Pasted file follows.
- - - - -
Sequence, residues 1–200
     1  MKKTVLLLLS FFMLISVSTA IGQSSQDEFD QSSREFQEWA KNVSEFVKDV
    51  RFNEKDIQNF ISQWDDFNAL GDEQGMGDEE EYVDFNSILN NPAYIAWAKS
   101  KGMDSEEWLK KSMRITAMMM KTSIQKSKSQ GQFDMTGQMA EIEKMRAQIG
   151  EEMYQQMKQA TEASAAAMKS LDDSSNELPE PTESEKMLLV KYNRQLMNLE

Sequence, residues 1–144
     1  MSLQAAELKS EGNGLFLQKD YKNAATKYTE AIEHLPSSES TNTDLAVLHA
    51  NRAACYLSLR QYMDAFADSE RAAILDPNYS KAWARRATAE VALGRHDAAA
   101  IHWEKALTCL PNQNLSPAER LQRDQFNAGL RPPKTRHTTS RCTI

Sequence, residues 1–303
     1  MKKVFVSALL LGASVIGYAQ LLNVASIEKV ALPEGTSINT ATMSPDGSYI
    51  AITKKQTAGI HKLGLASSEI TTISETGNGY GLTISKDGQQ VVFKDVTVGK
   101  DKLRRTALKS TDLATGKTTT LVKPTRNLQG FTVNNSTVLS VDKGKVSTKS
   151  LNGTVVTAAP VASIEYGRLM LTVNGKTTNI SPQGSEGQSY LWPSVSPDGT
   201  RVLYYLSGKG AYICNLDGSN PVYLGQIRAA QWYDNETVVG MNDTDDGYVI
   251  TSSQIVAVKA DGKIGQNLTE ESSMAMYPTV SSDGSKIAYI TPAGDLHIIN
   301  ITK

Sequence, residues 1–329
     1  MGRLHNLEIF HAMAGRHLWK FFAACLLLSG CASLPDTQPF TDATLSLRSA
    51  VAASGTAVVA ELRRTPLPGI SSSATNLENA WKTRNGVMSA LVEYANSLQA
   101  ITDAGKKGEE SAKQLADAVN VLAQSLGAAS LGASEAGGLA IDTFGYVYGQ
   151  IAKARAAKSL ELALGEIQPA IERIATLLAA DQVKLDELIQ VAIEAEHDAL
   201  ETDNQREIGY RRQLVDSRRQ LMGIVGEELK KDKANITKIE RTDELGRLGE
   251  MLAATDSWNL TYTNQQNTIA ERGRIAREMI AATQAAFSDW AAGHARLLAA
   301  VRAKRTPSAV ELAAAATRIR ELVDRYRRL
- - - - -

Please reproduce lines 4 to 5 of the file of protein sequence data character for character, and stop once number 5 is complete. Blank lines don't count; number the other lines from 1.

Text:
   101  KGMDSEEWLK KSMRITAMMM KTSIQKSKSQ GQFDMTGQMA EIEKMRAQIG
   151  EEMYQQMKQA TEASAAAMKS LDDSSNELPE PTESEKMLLV KYNRQLMNLE